Clashes between police and protesters in Daih.

Comments

european, north american,

european, north american, arab and other muslim governments talked a lot about syria, tunisia, lybia. if sunnis die they are provided with weapons to topple the dictators.

bahrainis demonstrate (well relatively peacefully) for more than two years, hundreds, maybe thousands have been tortured, thousands detained.
some, verifiably, have been killed.

so, wonder why is there are no more voices than some bahrainis, some persians, some human rights organizations to raise awareness of the plight of the shia in bahrain and to demand change.

the monarchy ought to take actions and let shia participate in the governance of the nation.

if they wait longer and longer, some shia might feel the urge to take up arms and start an armed struggle (as in syria, in lybia, etc.).
in this part of the world it seems only weapons make your voice heard (unfortunately).

despite the violence (rubber bullets, life ammunition, etc. by security forces) the protests so far (except for some stones that have been tossed) were mostly peaceful and nonviolent.

the ball clearly is in the field of the monarchies (saudi arabia included, since they send the police forces; mostly the police are saudis, they get paid well, and therefore are committed, act with fervour.)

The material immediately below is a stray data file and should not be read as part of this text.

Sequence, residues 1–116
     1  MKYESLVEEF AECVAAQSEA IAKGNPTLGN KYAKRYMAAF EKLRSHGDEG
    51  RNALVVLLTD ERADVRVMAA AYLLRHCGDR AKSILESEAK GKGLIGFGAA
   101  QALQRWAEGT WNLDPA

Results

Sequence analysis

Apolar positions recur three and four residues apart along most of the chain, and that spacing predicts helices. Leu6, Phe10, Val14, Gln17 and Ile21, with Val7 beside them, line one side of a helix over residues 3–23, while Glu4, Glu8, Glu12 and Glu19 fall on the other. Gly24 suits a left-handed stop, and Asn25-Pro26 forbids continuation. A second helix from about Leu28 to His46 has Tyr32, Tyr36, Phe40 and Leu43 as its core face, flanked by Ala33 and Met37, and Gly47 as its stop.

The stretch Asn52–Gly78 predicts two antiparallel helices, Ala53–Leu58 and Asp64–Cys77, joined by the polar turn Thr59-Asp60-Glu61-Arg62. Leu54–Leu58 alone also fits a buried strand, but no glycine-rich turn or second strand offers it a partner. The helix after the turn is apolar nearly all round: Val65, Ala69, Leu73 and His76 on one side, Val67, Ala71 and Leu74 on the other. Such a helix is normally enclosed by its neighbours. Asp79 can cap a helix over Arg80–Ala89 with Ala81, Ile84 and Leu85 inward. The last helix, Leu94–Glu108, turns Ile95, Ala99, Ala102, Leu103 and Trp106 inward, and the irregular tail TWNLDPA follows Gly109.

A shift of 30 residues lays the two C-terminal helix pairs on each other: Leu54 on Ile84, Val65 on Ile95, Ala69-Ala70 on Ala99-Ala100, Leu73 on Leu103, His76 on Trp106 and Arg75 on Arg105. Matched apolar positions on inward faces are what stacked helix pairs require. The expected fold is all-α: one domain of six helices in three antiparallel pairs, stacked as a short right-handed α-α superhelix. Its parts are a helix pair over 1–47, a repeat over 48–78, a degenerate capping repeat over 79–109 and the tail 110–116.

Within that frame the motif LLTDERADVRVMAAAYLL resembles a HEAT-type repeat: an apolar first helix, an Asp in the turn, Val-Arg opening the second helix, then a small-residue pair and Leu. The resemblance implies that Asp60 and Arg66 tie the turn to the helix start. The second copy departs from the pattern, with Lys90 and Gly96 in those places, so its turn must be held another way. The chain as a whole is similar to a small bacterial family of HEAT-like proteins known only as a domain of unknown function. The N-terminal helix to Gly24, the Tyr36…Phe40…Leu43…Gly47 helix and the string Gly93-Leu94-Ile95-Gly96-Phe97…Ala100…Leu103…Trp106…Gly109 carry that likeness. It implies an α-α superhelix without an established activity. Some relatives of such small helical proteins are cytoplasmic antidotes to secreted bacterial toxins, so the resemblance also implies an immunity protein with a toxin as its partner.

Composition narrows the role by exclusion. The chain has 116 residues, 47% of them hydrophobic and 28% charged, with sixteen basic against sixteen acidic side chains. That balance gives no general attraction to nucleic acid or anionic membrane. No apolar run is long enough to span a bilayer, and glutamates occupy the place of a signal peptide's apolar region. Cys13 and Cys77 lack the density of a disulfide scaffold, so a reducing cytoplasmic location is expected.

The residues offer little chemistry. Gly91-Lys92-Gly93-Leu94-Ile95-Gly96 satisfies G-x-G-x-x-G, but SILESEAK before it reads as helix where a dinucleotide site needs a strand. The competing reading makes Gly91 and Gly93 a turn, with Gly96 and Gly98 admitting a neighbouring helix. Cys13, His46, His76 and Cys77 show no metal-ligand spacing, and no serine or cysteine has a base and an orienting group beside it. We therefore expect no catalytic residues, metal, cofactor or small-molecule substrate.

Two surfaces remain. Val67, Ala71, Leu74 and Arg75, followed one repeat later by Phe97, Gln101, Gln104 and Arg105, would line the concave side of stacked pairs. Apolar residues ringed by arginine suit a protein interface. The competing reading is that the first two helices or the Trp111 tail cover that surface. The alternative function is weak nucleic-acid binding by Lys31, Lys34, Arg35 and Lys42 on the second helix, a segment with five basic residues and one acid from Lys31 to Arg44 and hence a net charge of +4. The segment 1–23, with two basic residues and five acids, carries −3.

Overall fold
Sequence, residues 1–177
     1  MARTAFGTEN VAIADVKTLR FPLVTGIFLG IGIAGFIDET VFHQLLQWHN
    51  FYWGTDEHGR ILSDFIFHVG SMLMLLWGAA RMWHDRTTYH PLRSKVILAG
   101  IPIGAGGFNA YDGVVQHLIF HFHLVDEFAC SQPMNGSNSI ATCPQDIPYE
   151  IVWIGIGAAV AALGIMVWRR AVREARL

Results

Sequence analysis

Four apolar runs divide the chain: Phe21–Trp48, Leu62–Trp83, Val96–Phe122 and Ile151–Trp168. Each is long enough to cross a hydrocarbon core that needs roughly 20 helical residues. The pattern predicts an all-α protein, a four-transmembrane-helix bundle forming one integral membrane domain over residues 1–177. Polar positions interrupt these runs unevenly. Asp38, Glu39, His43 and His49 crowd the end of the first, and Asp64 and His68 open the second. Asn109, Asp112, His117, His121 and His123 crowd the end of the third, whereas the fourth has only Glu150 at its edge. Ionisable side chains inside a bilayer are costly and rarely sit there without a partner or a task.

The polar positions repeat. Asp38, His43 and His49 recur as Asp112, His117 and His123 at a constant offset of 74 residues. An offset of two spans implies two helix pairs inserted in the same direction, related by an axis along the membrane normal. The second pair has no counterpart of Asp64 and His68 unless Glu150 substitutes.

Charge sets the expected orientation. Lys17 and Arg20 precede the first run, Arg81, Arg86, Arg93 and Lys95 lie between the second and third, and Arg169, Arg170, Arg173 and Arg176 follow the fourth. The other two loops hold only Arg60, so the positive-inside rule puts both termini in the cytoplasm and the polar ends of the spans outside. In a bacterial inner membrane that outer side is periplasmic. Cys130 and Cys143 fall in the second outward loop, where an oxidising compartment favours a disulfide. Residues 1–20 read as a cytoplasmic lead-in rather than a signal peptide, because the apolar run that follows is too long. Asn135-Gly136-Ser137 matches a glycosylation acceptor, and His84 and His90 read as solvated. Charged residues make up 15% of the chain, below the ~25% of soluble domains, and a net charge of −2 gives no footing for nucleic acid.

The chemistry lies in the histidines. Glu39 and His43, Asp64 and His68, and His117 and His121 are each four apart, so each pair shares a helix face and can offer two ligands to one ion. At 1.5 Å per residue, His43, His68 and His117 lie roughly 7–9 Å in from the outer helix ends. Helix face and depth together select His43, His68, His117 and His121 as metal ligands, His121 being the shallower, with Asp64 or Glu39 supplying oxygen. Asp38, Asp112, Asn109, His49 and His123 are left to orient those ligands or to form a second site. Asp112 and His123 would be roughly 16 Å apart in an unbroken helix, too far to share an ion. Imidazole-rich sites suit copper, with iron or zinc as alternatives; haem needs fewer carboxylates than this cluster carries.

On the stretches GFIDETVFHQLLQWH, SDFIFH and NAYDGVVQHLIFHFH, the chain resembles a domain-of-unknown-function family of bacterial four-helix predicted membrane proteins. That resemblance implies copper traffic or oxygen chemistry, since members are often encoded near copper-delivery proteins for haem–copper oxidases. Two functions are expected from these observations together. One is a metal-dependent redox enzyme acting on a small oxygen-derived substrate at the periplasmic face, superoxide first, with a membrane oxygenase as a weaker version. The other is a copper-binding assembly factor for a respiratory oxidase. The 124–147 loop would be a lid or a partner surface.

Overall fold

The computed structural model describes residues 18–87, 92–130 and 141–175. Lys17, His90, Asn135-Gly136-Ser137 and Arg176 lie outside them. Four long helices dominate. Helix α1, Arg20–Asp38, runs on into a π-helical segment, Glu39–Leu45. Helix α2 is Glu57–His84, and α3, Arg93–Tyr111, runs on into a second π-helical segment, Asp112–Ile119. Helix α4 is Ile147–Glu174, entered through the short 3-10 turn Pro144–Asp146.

so, participation in a possible democratic process or more violence and a level of escalation that may lead to more bloodshed. unfortunately, egypt, syria, etc. do not provide encouraging test cases and precedents.

Comparing the treatment of protestors in Bahrain to Syria

The video shows a protester in Bahrain who is confronting the police while he was insulting them and daring them to shoot him, and they refrained from even touching him, and while other protesters were throwing objects at the police! Amazing self retrain from a police force in a Arabic country, to say the least.
Now compare that to what is happening in Syria, where peaceful demonstrators were attacked using all kinds of weapons, from knifes to firearms to sharp shooters on the roofs.
A demonstration in the Syrian regime controlled areas carries the risk of death, and being suspected to be a reporter or being spotted with a camera near a demonstration carries a immediate death sentence. More than 70,000 Syrians have been killed so far by the Syrian regime and hundreds of thousands remain jailed, while getting tortured and many of them are killed daily.
Syrians would envy the Bahrainis for the treatment they are getting from their government when they protest, and it is shameful for anyone with any conscience to belittle the atrocities suffered by the Syrians and to equal them to the inconveniences that the Bahraini protesters are subjected to..

Close